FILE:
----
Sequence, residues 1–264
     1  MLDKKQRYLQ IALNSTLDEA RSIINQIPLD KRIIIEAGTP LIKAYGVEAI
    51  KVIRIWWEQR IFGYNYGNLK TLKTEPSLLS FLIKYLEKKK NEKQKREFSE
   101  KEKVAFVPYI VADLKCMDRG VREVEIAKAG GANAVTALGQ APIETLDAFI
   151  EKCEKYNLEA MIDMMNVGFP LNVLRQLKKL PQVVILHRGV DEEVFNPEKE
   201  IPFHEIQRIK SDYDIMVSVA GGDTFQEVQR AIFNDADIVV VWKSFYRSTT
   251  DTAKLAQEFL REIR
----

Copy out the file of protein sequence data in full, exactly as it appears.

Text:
Sequence, residues 1–264
     1  MLDKKQRYLQ IALNSTLDEA RSIINQIPLD KRIIIEAGTP LIKAYGVEAI
    51  KVIRIWWEQR IFGYNYGNLK TLKTEPSLLS FLIKYLEKKK NEKQKREFSE
   101  KEKVAFVPYI VADLKCMDRG VREVEIAKAG GANAVTALGQ APIETLDAFI
   151  EKCEKYNLEA MIDMMNVGFP LNVLRQLKKL PQVVILHRGV DEEVFNPEKE
   201  IPFHEIQRIK SDYDIMVSVA GGDTFQEVQR AIFNDADIVV VWKSFYRSTT
   251  DTAKLAQEFL REIR